Although some effort has been made to reach an empirical consensus on the structure of agreeableness (Crowe, Lynam, & Miller, 2017; Davies, 2014), research exploring how facets of agreeableness relate to important psychological outcomes is lacking. Two studies were conducted to address these issues. In Study 1, in a large sample of 722 participants, we carried out an exploratory factor analysis and confirmatory factor analysis on agreeableness items from the International Personality Item Pool (IPIP; Goldberg, 2006) to determine the lower-order structure of agreeableness and examined whether the facets were differentially related to cognitive outcomes. In Study 2, in an international Amazon Mturk sample of 610 individuals, we used a five-factor model of agreeableness to examine broad- and facet-level relationships among agreeableness, its facets, psychopathology subfactors, and personality disorder domains in a smaller set of items from the IPIP NEO and IPIP HEXACO. Results from both studies highlight the potential importance of the facet of compassion in the realm of cognitive abilities. Study 2 demonstrated several positive and negative relationships among facets and psychopathology. Implications on the significance of facet-level analysis are discussed from both applied and basic research perspectives.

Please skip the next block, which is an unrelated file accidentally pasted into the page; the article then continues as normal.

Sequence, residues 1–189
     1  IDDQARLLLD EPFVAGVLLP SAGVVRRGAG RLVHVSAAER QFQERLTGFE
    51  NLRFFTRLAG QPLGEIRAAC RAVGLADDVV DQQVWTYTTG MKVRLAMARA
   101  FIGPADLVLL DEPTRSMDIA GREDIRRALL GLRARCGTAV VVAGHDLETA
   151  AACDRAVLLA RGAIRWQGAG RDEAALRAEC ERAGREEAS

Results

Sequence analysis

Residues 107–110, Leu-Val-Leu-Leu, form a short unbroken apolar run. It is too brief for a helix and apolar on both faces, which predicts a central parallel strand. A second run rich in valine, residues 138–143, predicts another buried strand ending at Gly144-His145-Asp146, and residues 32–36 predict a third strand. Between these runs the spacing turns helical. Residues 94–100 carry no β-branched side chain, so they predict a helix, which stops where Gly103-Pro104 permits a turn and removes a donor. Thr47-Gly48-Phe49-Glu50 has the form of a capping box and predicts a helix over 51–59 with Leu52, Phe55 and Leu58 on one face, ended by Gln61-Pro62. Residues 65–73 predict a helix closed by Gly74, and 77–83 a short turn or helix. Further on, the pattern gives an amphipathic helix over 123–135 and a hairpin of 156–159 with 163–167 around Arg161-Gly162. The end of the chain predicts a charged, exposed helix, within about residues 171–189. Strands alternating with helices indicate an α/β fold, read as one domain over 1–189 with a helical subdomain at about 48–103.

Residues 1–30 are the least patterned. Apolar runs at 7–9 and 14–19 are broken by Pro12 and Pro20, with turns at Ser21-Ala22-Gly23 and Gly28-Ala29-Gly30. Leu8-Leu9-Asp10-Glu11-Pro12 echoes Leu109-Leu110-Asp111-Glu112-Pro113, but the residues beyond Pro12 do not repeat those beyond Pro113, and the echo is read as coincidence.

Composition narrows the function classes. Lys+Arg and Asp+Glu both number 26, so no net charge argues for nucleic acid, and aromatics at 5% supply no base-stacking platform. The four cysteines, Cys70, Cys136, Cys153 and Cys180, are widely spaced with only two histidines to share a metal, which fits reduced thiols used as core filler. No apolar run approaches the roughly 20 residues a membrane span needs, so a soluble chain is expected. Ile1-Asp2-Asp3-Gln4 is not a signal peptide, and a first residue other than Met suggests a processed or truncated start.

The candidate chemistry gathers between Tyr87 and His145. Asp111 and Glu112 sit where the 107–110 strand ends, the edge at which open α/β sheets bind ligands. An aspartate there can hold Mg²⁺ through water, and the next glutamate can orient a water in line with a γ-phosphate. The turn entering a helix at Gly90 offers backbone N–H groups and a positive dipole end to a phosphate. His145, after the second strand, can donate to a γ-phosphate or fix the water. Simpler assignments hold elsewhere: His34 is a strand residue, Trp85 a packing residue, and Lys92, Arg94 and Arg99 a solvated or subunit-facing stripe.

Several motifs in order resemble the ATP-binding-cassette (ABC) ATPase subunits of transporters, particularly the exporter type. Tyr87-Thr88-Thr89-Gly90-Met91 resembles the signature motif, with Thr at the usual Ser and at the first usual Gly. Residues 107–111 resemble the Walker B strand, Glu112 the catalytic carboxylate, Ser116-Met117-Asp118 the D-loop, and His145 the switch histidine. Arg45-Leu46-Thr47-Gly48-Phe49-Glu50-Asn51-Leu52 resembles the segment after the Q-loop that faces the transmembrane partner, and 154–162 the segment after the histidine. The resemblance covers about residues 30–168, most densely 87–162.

|Commitee:||Chaplin, Bill, Flanagan, Dawn|
|School:||St. John's University (New York)|
|School Location:||United States -- New York|
|Source:||DAI-B 82/3(E), Dissertation Abstracts International|
|Subjects:||Clinical psychology, Personality psychology, Cognitive psychology|
|Keywords:||Agreeableness, Cognitive ability, Personality, Personality facets, Psychopathology|
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